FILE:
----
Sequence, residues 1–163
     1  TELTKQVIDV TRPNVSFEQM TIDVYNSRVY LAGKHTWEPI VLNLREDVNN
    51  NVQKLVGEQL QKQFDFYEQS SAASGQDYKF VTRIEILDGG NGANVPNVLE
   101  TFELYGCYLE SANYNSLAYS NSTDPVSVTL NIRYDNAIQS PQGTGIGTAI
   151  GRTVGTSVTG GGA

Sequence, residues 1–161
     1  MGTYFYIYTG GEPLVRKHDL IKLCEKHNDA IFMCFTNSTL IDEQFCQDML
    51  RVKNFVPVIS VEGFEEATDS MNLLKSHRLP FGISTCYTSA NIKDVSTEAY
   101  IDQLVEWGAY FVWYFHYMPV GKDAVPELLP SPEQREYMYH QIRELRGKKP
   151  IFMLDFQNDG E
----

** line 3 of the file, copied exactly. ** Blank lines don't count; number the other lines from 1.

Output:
    51  NVQKLVGEQL QKQFDFYEQS SAASGQDYKF VTRIEILDGG NGANVPNVLE